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Fairfax County school officials are considering a switch to full-day Mondays for elementary schools.

Eliminating Monday early dismissals would give students an additional 2.5 hours of instruction each week. The change would include protected teacher planning time, replacing the current block of planning time on Monday afternoons.

Superintendent Karen Garza brought the plan before the School Board on Wednesday, and said the change could occur as soon as this September.

“We can get it done this year,” Garza said. “It’s going to be aggressive, and it’s going to be tough. But I think it’s an investment in instructional time, and an investment in our teachers.”

The recommendation came as the result of a working group led by interim deputy superintendent Dan Parris that studied scheduling across all grade levels.

In the current elementary schedule, the final bell rings 2.5 hours earlier on Mondays than it does the rest of the week. Those hours are used by teachers for lesson planning and professional development.

Under the new schedule, that time would be spread throughout the school week, giving students six hours of instruction each day, Monday through Friday. The new schedule would also include an extra 10 minutes of recess each day, increasing recess to 20 minutes daily.

Parris cautioned that the initial charge of the working group was not to create a final plan, and said more work was needed before putting a new schedule in place.

Parris pointed to the cost of the plan, which he estimated at between $4 million and $7.6 million, as one hurdle, particularly with the school system’s already tight budget. He also noted a lack of teacher and community engagement, as his working group included school administrators and principals, but no teachers or community members.

School Board members too questioned the feasibility of such a quick turnaround.

Each elementary school would need to create its own daily schedule based on the school system’s new guidelines. Giving teachers more planning time would necessitate hiring more staff to cover the extra hours.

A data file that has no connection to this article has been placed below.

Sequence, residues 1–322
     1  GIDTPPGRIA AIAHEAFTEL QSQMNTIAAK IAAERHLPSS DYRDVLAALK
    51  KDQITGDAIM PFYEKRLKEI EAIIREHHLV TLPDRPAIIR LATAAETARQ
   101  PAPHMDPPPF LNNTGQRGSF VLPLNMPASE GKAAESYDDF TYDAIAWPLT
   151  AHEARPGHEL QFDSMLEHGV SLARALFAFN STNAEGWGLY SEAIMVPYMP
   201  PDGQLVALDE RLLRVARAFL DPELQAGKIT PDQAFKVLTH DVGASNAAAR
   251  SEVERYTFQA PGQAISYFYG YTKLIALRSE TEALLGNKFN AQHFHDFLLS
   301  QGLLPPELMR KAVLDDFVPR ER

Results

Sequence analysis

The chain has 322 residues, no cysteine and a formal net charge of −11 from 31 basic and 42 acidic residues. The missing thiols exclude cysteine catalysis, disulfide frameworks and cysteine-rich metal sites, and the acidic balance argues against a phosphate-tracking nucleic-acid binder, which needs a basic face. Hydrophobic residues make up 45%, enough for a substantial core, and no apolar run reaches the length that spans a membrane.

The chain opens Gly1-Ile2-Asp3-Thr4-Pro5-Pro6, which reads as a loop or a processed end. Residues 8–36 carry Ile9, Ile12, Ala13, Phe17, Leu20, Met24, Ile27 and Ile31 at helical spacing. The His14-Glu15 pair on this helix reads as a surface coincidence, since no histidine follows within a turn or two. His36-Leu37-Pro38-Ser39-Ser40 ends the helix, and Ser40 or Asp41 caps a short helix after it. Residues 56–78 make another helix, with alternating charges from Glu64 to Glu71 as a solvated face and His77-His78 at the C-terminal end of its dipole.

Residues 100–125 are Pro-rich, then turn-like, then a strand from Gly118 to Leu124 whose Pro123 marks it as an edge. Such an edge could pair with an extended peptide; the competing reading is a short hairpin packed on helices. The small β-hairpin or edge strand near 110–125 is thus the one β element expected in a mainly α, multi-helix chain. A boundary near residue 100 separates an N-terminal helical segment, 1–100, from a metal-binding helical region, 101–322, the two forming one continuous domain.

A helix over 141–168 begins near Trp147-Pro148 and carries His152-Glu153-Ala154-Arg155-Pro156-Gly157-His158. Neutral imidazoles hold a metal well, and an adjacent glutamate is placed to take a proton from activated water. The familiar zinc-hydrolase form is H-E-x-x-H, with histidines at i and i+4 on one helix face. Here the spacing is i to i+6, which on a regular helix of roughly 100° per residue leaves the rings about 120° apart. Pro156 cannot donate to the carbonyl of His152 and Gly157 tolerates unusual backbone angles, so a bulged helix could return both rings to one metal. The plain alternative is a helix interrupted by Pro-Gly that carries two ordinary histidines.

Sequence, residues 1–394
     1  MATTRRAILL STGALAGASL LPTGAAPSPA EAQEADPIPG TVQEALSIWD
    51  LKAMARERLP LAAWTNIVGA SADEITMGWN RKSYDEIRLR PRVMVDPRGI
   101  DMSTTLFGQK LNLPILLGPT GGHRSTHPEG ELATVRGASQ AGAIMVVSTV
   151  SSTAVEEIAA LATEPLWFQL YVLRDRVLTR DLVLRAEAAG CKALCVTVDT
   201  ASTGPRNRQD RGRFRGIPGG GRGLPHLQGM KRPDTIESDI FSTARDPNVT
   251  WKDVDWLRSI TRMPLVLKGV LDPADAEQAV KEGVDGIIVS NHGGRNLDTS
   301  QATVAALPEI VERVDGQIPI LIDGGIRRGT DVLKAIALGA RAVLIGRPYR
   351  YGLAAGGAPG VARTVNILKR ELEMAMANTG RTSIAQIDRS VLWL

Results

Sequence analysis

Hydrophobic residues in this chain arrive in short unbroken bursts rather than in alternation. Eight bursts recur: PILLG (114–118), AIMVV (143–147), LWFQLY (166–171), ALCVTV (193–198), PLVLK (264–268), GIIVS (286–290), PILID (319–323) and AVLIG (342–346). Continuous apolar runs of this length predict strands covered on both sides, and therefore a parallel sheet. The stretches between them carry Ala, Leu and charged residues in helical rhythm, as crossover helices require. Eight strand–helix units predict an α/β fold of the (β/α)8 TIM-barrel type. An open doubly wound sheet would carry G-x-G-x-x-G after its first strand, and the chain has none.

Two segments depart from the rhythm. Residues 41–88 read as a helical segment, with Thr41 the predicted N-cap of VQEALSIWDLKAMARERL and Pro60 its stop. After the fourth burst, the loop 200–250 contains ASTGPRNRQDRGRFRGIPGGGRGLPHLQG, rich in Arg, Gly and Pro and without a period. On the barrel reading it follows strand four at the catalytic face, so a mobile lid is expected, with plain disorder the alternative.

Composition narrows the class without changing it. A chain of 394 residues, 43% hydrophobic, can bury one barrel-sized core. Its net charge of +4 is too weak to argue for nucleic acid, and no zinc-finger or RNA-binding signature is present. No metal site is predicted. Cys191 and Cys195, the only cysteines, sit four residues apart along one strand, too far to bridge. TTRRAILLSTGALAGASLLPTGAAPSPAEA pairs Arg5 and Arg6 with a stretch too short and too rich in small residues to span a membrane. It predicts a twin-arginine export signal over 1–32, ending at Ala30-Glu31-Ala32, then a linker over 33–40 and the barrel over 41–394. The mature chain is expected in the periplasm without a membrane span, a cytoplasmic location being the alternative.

Larger schools, with more faculty and classroom space, and experienced principals, adept at scheduling configurations, could more easily adapt, said School Board member Tammy Derenak Kaufax (Lee).

“But what about smaller schools?” Kaufax said. “What about less experienced principals? I would like to take more time if we can make sure it’s done right.”

Yet others pushed to move forward with the goal of a September implementation.

“I think right now we have the perfect storm,” said School Board member Patty Reed (Providence). “There are a lot of issues that are all interrelated, and this seems to provide a good fix for many of them.”

Since the Fairfax County school system started Monday early dismissals in 1972, the schedule has been the target of criticism, but thus far, pushes for a change have fizzled.

One major sticking point has been teacher planning time. In the past, educators have expressed concern that if early dismissals were eliminated, that planning time would disappear.

The new schedule would establish time guidelines for teacher planning. Teachers would be guaranteed 240 minutes per week for individual planning, and 75 minutes each week for collaborative work.

“Waiting until next year is just an untenable concept to me,” said School Board member Elizabeth Schultz (Springfield). “Working with teachers to give them more planning time is key, especially when we weren’t able to give the full pay increase in the budget.”

The plan recommended Wednesday has received the support of the county’s teacher and principal organizations, according to Garza.

“Whether we do it this year or next year, I do believe we need to do it,” Garza said. “This is the real long-term fix.”